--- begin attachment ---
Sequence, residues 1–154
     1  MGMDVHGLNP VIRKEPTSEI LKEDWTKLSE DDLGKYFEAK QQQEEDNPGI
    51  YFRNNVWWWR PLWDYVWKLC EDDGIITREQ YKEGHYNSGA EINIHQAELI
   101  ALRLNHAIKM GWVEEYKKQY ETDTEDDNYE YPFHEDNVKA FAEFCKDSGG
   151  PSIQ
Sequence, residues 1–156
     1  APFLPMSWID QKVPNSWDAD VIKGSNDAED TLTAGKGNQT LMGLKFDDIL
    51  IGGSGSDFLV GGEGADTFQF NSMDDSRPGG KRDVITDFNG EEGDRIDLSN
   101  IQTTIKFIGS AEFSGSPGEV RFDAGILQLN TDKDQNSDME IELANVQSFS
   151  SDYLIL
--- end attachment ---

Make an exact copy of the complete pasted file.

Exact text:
Sequence, residues 1–154
     1  MGMDVHGLNP VIRKEPTSEI LKEDWTKLSE DDLGKYFEAK QQQEEDNPGI
    51  YFRNNVWWWR PLWDYVWKLC EDDGIITREQ YKEGHYNSGA EINIHQAELI
   101  ALRLNHAIKM GWVEEYKKQY ETDTEDDNYE YPFHEDNVKA FAEFCKDSGG
   151  PSIQ
Sequence, residues 1–156
     1  APFLPMSWID QKVPNSWDAD VIKGSNDAED TLTAGKGNQT LMGLKFDDIL
    51  IGGSGSDFLV GGEGADTFQF NSMDDSRPGG KRDVITDFNG EEGDRIDLSN
   101  IQTTIKFIGS AEFSGSPGEV RFDAGILQLN TDKDQNSDME IELANVQSFS
   151  SDYLIL